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Pow Predators
Wolf Pack Origins


Written by James Hillier
October 29th 2012

What is the Wolf Pack?

Graham Haywood: The Wolf Pack is the best.  Wolf Pack is a shred hungry group of progords who slave away at desks all week, in order to afford snowmobiling on the weekends; If you’re not at a desk all week, you’re likely not a hungry wolf.   Wolfpack has last years oil stained gear bought used or on pro-form, scratched lense goggles, holey gloves, duct taped boots, and hiss-ting sleds.   Some exceptions may apply.  Wolf Pack members enjoy late starts, full moons, ever present  bluebird pow days, sled thread and daily gnar slayage.  If you’re not hucking 40 footers to your face on Sunday and writing reports on Monday, you probably don’t get wolf pack.


Succintly so did Graham Haywood describe the self-styled Wolf Pack in a recent interview A rag tag gang of powder hungry working class joes who work day jobs to fuel their weekend dreams. But what led us to the depths of the backcountry? It was an interesting evolution.

The push towards snowmobiling in the backcountry was always desired but eventually came as a necessity. Originally, the members of the Wolf Pack met in Whistler where we were united by our common love of skiing and snowboarding. Riding the gordon infested public resort drove us deeper and deeper on the mountain in the pursuit of powder. It came to a point where we would not even ski in-bounds any more. Day after day, we would only be skiing out-of-bounds slopes... and permanently closed areas. Its where the best snow is, hands down.

Eventually our antics would catch up with us. It was January 2nd 2009 and there had recently been avalanche fatalities in Whistler. Still, we were pow hungry and made the decision to forsake the avy prone slopes of Whistler and instead ride Grouse mountain in Vancouver. The snow had consolidated down south and the avalanche risk was lower. We entered Thrasher Creek, a zone we had explored on foot during the summer and which we had previously skied before.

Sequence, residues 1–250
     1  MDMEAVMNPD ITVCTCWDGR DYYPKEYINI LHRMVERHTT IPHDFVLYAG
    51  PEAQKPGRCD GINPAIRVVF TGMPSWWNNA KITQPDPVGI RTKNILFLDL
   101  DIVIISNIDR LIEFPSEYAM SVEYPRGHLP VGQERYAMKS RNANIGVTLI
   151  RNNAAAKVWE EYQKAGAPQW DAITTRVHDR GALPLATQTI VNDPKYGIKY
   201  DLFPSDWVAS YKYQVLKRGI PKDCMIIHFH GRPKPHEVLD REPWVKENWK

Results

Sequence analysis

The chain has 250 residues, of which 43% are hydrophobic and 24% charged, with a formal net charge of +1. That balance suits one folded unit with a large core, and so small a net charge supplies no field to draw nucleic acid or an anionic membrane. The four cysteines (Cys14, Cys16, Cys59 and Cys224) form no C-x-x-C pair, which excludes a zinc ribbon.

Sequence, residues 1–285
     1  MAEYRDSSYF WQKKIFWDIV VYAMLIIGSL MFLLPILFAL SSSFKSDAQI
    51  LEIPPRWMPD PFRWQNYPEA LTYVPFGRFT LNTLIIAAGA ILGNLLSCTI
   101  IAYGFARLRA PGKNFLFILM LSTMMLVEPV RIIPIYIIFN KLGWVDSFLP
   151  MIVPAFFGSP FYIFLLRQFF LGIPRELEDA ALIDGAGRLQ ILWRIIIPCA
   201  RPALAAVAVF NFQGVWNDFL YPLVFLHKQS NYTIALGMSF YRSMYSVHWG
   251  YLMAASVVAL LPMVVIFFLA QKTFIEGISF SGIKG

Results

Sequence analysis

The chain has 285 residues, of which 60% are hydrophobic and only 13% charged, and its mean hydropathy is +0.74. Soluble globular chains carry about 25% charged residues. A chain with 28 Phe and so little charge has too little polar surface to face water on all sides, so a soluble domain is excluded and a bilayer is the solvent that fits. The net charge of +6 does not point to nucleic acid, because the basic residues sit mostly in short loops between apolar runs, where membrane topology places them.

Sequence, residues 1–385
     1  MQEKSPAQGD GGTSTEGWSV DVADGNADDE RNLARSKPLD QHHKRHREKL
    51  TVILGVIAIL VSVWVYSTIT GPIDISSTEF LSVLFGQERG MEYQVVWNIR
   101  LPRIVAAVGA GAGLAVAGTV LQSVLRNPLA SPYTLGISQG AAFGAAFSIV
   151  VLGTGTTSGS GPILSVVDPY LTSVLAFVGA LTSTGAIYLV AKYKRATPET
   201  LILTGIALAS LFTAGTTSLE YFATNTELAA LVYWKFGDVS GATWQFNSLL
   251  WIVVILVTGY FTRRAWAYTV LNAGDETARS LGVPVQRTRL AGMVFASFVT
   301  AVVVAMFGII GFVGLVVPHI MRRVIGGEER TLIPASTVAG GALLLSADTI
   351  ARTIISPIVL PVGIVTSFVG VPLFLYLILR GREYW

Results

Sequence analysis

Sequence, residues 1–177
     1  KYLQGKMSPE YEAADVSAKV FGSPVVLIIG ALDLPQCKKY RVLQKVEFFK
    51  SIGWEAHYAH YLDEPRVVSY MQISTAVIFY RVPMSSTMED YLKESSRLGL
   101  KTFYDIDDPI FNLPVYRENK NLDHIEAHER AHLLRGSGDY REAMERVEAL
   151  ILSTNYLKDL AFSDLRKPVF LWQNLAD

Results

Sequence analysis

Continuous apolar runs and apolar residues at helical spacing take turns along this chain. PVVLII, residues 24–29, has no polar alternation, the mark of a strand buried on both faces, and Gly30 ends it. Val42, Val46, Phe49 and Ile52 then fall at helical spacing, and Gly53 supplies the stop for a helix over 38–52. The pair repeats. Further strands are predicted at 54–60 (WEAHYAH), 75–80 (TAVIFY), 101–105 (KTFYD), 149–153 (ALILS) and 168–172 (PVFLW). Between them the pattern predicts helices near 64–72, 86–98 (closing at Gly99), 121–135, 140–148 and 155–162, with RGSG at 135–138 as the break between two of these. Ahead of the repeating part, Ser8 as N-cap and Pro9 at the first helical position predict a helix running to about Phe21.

Prepared with zone knowledge and proper avalanche equipment, we entered the out of bounds area. The snow and terrain was phenomenal. There were no avalanches and I remember throwing huge high fives with howls of pleasure at the bottom. Overjoyed at the thrill of the run, we gathered our gear to hike out and do another lap. During the hike back into the resort, a helicopter began to circle and yelled "We will saaaaave yoooouuu!!!!" I knew it was bad news.

Once we arrived back in bounds, we were quickly accosted by ski patrol and escorted to the bottom where management and the RCMP were waiting. Despite our planning and avalanche gear, we were given lifetime bans for skiing out of bounds. An odd outcome given that skiing out of bounds is a well known and common practice all across Canada. Thousands of people do it everyday in Whistler, Revelstoke, Kicking Horse, Seymour and just about every other self-respecting intelligent ski resort. Grouse is not one.

It was a controversional issue and before you know it, I was doing interviews on CBC The National and Graham Haywood was on the cover of the Globe and Mail. He would even be featured in Maclean's magazine in a contest for "Twit of the Year."

That spring, we said fuck the resort and got into snowmobiles.

Still poor and struggling university students without sleds to call our own, our kind and generous professional snowboarder friend Marc-Andre Tarte said he would lend us the crappy one of his two snowmobiles. Myself and Haroo gratefully accepted. We were also very gracious that his other good snowmobile was easily hot-wired. We took both out to Seagrams and so began our snowmobile addiction.


Stolen SledsRiding up on Marc Tarte's "borrowed" sleds

Old school crew
Old school sled crew at Seagram's, circa 2009

Sunset on Rutherford after an epic day that would prove to be the conclusion of the season

KJ Method at Millers

Bradley rooping it up in Bralorne

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